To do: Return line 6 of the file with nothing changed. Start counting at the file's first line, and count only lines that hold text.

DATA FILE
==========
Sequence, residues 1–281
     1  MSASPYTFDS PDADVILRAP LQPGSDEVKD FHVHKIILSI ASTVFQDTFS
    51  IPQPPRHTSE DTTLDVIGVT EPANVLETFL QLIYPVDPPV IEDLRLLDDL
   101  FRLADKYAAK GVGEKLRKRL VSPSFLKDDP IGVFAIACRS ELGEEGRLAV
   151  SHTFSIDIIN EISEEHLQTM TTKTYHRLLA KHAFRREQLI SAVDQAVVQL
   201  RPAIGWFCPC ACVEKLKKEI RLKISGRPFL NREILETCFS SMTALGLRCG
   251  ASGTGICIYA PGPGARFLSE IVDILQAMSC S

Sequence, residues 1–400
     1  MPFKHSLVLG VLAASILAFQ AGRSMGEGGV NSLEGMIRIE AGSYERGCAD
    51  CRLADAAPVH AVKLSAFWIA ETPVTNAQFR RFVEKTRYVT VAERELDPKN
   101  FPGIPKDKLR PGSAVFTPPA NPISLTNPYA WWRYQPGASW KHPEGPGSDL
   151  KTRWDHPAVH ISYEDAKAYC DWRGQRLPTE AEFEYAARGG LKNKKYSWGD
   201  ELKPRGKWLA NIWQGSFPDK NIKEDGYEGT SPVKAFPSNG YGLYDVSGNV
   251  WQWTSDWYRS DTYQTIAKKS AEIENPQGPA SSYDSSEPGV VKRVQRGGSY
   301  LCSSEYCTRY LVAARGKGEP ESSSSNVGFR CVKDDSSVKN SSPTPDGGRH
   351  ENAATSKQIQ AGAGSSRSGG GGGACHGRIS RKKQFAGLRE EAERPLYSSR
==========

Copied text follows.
   201  RPAIGWFCPC ACVEKLKKEI RLKISGRPFL NREILETCFS SMTALGLRCG